BY: ELIJAH BASSETT
One of the darkest ironies of modern capitalism is that we in industrialized nations have more food than we know what to do with, while many people living in the Global South still struggle with malnutrition. But UNICEF has developed a program that is turning the problem into part of the solution. It’s called Kid Power, and it manages to tackle the twin problems of childhood obesity in America and malnutrition in impoverished countries.
In essence, the program involves selling durable fitness trackers called Kid Power Bands, which measures both steps and movement. Points unlock funding from Kid Power sponsors and supporters, and funding is used by UNICEF to deliver lifesaving packets of therapeutic food to severely malnourished children around the world. According to UNICEF the calories are sent in the form of “Ready-to-Use Therapeutic Food packets,” which is a peanut paste containing protein and vitamins that can prove life-saving for malnourished children.
Unfortunately, with 16 million children suffering from what UNICEF calls Severe Acute Malnutrition, they’ve got their work cut out for them; especially since they currently only have the funding to help about 3 million of them. Part of the point of Kid Power is to open up more funding in order to get food to more of the people who so desperately need it. Money is collected from sales of the Band, as well as donations in support of the initiative.
You may be wondering how big a difference one child’s burned calories can make in another’s life, but one thing that Kid Power has already found is that there is power in numbers. By co-operating with schools around the country, the program has gotten tens of thousands of elementary school students moving, resulting in nearly 2,000 lives saved during the Spring of 2016. This on top of contributions from individual children using the Bands.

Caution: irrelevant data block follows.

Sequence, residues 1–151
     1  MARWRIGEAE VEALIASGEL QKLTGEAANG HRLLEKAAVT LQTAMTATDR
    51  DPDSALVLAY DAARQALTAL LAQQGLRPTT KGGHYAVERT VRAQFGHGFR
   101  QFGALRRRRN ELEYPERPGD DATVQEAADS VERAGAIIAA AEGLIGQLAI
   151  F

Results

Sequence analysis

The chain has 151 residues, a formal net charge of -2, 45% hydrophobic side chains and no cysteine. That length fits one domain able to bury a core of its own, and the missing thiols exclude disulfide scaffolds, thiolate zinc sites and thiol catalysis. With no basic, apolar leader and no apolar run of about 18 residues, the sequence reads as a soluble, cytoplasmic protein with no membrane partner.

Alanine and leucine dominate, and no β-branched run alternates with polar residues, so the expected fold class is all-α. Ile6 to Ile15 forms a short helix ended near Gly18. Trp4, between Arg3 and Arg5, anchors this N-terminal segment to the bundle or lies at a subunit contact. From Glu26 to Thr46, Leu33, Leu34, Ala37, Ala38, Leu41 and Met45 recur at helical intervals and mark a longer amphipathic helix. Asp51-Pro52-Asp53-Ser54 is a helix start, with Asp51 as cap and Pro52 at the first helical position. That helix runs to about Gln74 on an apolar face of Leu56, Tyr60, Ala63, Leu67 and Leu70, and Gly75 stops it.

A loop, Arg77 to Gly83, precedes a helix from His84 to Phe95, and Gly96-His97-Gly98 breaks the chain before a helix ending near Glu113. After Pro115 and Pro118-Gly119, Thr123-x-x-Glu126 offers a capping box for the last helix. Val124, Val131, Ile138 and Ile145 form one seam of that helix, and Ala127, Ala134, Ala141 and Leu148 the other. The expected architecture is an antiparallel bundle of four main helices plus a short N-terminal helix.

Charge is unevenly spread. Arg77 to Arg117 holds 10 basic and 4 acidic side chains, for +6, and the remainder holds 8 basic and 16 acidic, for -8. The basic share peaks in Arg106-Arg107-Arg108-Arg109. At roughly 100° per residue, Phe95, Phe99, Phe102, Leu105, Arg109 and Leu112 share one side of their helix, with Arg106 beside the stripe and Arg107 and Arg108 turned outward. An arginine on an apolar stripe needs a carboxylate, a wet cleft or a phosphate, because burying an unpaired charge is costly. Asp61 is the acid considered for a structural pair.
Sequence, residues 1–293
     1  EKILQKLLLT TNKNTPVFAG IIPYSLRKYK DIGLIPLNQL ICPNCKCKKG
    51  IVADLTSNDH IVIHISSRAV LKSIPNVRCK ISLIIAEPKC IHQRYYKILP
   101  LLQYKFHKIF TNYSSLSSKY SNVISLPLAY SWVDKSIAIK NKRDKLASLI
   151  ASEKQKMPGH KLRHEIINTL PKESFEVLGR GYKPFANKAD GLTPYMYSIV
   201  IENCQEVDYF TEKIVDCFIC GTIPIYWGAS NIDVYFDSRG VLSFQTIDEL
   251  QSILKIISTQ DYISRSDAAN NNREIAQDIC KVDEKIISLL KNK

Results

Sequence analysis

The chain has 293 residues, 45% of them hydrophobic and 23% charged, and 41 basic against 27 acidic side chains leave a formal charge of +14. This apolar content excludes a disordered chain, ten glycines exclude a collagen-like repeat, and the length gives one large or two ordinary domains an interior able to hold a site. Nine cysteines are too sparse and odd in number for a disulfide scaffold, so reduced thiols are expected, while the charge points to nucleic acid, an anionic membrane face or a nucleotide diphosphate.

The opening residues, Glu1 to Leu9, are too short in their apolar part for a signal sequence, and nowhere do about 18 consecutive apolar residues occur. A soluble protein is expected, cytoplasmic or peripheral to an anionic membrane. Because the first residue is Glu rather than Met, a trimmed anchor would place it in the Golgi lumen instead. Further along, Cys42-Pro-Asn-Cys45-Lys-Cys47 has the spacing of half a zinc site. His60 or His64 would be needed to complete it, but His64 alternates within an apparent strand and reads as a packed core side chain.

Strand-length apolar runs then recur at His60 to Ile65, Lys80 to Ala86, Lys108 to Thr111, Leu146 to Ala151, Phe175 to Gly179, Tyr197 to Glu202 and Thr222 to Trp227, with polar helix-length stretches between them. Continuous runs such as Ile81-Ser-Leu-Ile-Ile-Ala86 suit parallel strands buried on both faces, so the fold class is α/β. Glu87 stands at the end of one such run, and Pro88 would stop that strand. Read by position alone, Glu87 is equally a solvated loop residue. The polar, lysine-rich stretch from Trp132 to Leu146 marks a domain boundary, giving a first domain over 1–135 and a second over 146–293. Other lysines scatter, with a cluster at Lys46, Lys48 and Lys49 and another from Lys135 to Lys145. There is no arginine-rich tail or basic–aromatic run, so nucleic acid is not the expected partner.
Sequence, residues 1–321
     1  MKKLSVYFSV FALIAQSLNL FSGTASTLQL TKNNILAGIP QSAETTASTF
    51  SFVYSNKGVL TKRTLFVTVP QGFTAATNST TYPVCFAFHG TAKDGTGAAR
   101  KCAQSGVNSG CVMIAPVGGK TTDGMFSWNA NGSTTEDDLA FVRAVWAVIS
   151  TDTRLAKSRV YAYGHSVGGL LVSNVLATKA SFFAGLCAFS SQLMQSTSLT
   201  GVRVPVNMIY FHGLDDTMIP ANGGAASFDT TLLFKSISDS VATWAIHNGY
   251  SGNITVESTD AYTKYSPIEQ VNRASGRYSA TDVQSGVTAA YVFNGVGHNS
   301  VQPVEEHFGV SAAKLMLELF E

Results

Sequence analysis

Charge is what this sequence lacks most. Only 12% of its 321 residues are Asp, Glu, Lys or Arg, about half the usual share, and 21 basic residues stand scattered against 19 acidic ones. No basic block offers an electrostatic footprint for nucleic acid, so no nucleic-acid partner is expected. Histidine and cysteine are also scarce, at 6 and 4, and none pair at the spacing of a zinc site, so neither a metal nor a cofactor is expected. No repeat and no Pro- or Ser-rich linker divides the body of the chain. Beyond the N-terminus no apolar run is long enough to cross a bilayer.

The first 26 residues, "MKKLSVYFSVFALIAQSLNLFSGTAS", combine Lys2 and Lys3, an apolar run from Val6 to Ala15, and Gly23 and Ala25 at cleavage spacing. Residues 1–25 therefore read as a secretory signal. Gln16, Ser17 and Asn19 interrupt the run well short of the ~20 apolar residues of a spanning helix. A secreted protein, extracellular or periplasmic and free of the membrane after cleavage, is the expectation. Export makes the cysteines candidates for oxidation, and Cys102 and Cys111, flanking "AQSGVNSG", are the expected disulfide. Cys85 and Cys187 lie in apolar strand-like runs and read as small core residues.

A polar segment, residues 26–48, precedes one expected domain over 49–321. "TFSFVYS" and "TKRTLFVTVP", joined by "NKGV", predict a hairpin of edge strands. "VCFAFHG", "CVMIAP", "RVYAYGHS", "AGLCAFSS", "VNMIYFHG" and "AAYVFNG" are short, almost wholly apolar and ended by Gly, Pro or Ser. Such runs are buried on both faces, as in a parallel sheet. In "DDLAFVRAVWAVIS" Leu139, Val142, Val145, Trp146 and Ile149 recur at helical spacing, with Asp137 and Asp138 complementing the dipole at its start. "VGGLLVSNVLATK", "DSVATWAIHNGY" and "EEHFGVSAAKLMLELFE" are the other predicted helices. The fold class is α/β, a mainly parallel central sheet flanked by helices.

Given that there are millions of students in America who could be participating in this, not to mention in other countries around the world. Even though the thousands of lives saved by the program are a major accomplishment, a much wider-scale implementation of the program could have an even greater impact in saving the people suffering most from global hunger.
Of course, this is only part of a solution to the problem of worldwide hunger. In fact, the very nature of Kid Power points to an important point about the issue: there actually is enough food to go around. The issue is not an actual lack of food, but a lack of willingness by industrialized nations to solve the problem. According to a 2015 report by the Food and Agricultural Organization, the International Fund for Agricultural Development, and the World Food Programme, it would only cost 0.3% of the world’s combined annual income (that comes to about $265 billion US yearly) from 2016 to 2030 to solve world hunger by 2030.
0.3 percent is entirely manageable, so the only reason not to do it is an unwillingness to enforce people’s human right to a sufficient food supply. UNICEF’s Kid Power initiative is still crucial in that it helps the people most dangerously affected by this problem, but even more immediate action is needed in order to cure the disease rather than just treat the symptoms.
That said, the kind of action necessary to solve this crisis, while ultimately manageable, is a bit beyond most of our personal means. If you want to help fight global malnutrition but don’t have the billions necessary to save the world, you can still help by getting your kid a Kid Power Band (online or at Target) if you’re in America; and if you’re outside of America or don’t have kids, UNICEF also accepts donations for the project.